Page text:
Topic: Equity and social justice



Equality of Opportunity, Equality of Means: An Argument for Low Tuition and the Student Strike

By Daniel Weinstock

Read Jacob T. Levy’s take on this issue here. Political philosophers have taken in recent years to distinguishing between “ideal theory” and […]

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The Quiet Campus: The Anatomy of Dissent at Canadian Universities

By Ken Coates

The remarkable—a word that can be read in many different ways—2012 student protests in Quebec have stirred memories of the activist campuses […]

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Not Another Brick in the Wall: Capitalism and Student Protests in Chile

By Andrés Bernasconi

A few days ago, I visited a high school in a poor urban area in Western Santiago and met with the junior […]

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“Ensemble, bloquons la hausse”: The Rationale Behind the Slogan

By Martin Robert

In the spring of 2012 hundreds of thousands of Quebec students and their allies took to the streets to protest the government’s proposed tuition fee increase. Martin Robert makes the case against the tuition increase and proposes an alternative model in which tuition would be free in Quebec.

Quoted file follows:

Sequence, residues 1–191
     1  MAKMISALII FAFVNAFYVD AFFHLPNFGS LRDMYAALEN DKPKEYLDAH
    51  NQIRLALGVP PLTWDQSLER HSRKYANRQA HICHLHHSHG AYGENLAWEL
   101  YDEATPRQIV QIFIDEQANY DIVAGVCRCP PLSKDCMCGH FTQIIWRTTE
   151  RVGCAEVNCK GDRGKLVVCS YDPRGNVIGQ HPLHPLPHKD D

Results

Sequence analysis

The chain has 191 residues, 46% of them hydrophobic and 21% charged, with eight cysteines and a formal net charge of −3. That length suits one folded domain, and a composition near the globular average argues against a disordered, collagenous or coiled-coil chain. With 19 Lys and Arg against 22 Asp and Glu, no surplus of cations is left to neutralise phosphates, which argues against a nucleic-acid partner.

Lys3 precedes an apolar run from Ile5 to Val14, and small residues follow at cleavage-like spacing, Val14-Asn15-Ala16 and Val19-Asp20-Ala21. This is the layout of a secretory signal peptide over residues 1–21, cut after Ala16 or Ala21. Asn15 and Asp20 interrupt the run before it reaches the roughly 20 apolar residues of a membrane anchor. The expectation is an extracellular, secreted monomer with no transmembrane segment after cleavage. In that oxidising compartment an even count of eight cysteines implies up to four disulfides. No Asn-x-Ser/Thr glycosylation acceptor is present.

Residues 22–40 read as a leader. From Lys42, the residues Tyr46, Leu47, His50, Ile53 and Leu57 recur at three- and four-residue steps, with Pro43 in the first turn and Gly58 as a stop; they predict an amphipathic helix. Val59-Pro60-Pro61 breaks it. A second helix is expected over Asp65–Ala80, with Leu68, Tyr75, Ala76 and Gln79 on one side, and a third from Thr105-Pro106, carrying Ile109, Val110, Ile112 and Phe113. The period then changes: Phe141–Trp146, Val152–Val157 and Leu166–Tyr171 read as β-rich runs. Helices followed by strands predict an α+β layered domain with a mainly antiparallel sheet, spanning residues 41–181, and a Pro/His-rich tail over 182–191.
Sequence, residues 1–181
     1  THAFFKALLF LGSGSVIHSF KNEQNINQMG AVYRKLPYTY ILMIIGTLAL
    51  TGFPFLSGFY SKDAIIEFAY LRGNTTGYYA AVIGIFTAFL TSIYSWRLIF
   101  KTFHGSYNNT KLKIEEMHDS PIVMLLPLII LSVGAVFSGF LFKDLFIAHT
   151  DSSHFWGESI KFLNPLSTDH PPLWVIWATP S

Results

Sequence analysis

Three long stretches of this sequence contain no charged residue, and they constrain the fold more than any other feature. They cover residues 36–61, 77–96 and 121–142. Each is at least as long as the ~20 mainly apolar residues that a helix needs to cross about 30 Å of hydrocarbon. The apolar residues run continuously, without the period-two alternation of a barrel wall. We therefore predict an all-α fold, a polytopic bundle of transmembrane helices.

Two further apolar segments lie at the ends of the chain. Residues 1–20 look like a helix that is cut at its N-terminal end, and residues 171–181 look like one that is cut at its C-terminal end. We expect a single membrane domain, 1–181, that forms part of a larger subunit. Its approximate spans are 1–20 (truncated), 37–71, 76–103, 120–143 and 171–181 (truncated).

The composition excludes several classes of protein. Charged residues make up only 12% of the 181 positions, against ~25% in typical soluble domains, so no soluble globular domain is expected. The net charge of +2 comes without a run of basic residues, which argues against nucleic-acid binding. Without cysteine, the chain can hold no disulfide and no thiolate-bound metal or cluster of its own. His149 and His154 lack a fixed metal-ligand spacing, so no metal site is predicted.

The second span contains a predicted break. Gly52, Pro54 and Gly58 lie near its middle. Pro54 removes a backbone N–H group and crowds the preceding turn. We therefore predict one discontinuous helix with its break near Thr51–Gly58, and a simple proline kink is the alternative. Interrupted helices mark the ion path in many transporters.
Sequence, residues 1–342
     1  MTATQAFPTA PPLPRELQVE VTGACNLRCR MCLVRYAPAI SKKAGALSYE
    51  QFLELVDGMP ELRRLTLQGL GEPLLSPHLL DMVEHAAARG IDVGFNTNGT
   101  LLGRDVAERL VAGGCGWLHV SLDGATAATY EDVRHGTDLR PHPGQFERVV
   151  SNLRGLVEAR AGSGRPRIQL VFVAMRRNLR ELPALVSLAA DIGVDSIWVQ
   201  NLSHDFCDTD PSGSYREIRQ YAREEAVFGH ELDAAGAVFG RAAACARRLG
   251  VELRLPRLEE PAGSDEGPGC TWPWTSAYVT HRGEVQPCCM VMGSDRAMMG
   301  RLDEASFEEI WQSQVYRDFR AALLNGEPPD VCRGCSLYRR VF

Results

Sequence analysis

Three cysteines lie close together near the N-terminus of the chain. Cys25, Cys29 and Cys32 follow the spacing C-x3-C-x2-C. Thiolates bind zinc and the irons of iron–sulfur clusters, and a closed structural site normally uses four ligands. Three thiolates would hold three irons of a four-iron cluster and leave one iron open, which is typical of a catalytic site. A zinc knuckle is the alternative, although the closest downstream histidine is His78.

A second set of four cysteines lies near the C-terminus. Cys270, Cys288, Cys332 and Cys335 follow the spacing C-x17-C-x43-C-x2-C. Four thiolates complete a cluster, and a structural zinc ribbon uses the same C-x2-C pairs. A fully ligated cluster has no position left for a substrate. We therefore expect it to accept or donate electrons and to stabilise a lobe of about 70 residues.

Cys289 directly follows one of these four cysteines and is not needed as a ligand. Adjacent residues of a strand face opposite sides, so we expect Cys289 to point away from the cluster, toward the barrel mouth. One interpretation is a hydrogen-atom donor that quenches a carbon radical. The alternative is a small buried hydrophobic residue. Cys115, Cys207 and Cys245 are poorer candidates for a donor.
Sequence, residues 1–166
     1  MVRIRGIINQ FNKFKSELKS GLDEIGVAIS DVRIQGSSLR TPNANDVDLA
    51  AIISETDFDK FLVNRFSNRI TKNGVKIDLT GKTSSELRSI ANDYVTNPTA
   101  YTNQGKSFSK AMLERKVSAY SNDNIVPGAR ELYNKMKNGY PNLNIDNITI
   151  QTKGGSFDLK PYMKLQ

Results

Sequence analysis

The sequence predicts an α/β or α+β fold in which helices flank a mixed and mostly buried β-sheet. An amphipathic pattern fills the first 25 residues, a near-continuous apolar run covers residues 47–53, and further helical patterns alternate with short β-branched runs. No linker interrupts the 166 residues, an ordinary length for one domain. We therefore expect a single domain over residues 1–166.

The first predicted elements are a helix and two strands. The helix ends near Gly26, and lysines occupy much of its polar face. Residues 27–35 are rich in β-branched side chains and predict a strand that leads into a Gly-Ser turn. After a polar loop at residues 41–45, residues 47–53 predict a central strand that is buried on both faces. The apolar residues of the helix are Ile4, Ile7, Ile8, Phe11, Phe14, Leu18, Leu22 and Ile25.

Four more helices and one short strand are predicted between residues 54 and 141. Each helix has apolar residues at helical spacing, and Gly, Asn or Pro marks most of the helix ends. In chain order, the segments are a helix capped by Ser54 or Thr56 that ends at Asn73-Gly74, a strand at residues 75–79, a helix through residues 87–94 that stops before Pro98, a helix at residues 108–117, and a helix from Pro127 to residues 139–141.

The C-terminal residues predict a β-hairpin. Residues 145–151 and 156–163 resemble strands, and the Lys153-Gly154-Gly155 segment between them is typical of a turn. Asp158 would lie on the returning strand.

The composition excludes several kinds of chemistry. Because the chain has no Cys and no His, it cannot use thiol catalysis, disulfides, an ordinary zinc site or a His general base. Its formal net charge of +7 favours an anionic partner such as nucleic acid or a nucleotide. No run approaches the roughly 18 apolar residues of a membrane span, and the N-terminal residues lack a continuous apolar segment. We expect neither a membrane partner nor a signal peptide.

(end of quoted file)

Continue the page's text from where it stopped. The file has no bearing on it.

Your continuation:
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Lost in Translation after Graduation?

By Pamela Cushing, Ph.D. & Kimberly Ruiter, B.A., King’s University College at Western University

What students do after leaving the academy can be impressive, surprising, and, as one department found out, useful for universities interested in improving the student experience.

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proof

False allegations of sexual harassment: Misunderstandings and realities

By Catherine Burr

Since sexual harassment can be in the eye of the beholder, only evidence that meets civil standards of proof, argues a university complaints investigator, can fairly decide what happened.

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"Welcome" in various languages

Broadening accessibility to postsecondary education in Canada

By Glen A. Jones

Increasing access to postsecondary education is a challenging problem with no easy solutions. But given Canada’s demographics and the rapidly changing nature of our economy, it’s a problem we cannot ignore. We can’t afford to be satisfied with current participation rates while key components of our population are ill-equipped to engage with the emerging social and economic realities of the twenty-first century.

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